2006 prospects: Q&A with Andreas Nodl

By Kevin Wey

Sioux Falls Stampede forward Andreas Nodl scored only seven goals and nine assists in 44 games in an injury-shortened 2004-05 USHL season. There was no chance Nodl was going to be selected in the 2005 NHL Entry Draft, his first year of draft eligibility, after his disappointing rookie season in the USHL. Even a spot on Sioux Falls’ first line looked light years away.

What a difference a year makes.

Having bulked up to 6’1, 196 pounds and enjoying hockey once again, thanks largely to first-year Sioux Falls head coach Kevin Hartzell, Nodl is now considered one of the top prospects in the USHL. The 19-year-old Nodl scored 29 goals and 30 assists in 58 games for Sioux Falls in 2005-06, leading the Stampede in scoring, placing him fifth in USHL scoring, and earning him a place on the All-USHL First Team. Nodl was also named the MVP of the USHL Prospects/All-Star Game after scoring a goal and an assist in Team West’s win 5-3 win over Team East. On top of MVP honors, Nodl also took home the Fastest Skater award with a lap of 14.68 seconds at the USHL Skills Competition. The National Hockey League took notice of Nodl by inviting him to the NHL Combine, one of seven USHL players so invited.

Although the 2004-05 season might have hinted otherwise, Nodl was no stranger to scoring prior to the 2005-06 season. Playing for the Wiener EV (Vienna) organization, Nodl scored 11 goals and 10 assists in 15 games for Vienna’s J20 team in 2003-04, second in points per game behind Rafael Rotter. The 17-year-old Nodl also played semi-pro senior hockey with Vienna’s Nationalliga team, scoring 15 goals and 22 assists in 25 games.

Nodl also has a history of excellence with the Austrian junior national team. As a 16-year-old, Nodl scored two goals and two assists at the 2003 Division I Group B U18 Championships, second only to Rotter. When Austria made the jump to the elite pool for the 2004 World Junior Championships in Finand, the first time Austria had played in the elite pool since 1981, the 16-year-old Nodl was there for the education to come. Team Austria was thoroughly trounced in exhibition and lost their first game of the tournament 8-0 to Team USA. A 2-2 tie against Ukraine the only point they gained in the WJC’s.

A couple months after turning 17, Nodl scored two goals and three assists for Team Austria at the 2004 Division I Group A U18 Championships, second again in team scoring to the 5’8, 166-pound Rotter, who played for the Guelph Storm of the OHL in 2005-06. Relegated to the 2005 Division I Group A World Junior Championships, Nodl scored two goals and two assists in five games, second in scoring to Rotter. The end of Nodl’s 2004-05 season came at the 2005 DI Group A U18 Championships, and the 18-year-old scored only one goal and one assist in four games, a shell of his previous self after losing his confidence. But, the down times wouldn’t last, and Nodl’s decision to come to North America paid off in 2005-06.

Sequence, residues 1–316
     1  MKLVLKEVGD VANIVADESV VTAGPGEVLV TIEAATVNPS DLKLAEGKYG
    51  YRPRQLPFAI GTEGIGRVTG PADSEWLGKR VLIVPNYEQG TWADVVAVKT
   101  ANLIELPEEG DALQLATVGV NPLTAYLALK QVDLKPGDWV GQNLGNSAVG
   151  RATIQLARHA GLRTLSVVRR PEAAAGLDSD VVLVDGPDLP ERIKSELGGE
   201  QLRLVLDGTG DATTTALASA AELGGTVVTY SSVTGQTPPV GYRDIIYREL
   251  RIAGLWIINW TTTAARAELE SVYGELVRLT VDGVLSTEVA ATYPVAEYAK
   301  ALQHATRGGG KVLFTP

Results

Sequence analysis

Nodl came to North America on the advice of fellow Austrian and former Stampede forward Thomas Vanek, and Vanek again would prove important when the younger Austrian made his decision to commit to college. When St. Cloud State showed interest in Nodl, Vanek helped convince his younger countryman to play for coach Bob Motzko, Vanek’s head coach in Sioux Falls for two years and his assistant coach at the University of Minnesota for three. St. Cloud State tabbed Motzko to be their head coach after the 2004-05 season, and Vanek’s familiarity and trust of his old coach proved to be to the Huskies advantage in recruiting Nodl, who committed to St. Cloud State in early October after getting off to a dynamite start in his second season of USHL action. The USHL named Nodl the league’s first Offensive Player of the Week on Sept. 26 after scoring a hat trick and an assist in his first game of the season, a 6-3 win over the Lincoln Stars Sept. 24.

Nodl may be committed to St. Cloud State in 2006-07 and beyond, but he’s still chasing the 2006 Clark Cup with Sioux Falls. One of the USHL’s top scorers during the regular season, little has changed in the playoffs. After 11 games, Nodl had a team-leading five goals and eight assists, thanks in part to a hat trick against the Des Moines Buccaneers in Game 2 of the Clark Cup Finals, evening the series at 1-1.

Nodl’s combination of speed, hands, and size makes him a certainty to be selected in the 2006 NHL Entry Draft. Nodl’s speed is unquestioned, but he does not rely upon beating defenseman wide in order to score. Nodl has the offensive awareness to slow the play down when necessary to create plays and also has the stickhandling and agility to deke defensemen into mistakes. When it comes time to shoot the puck, Nodl is a sniper with an incredibly hard shot, whichever shot he uses, and has a release to match. Defensively, Nodl uses his speed and size to finish checks intelligently, whether it’s on the forecheck or backcheck.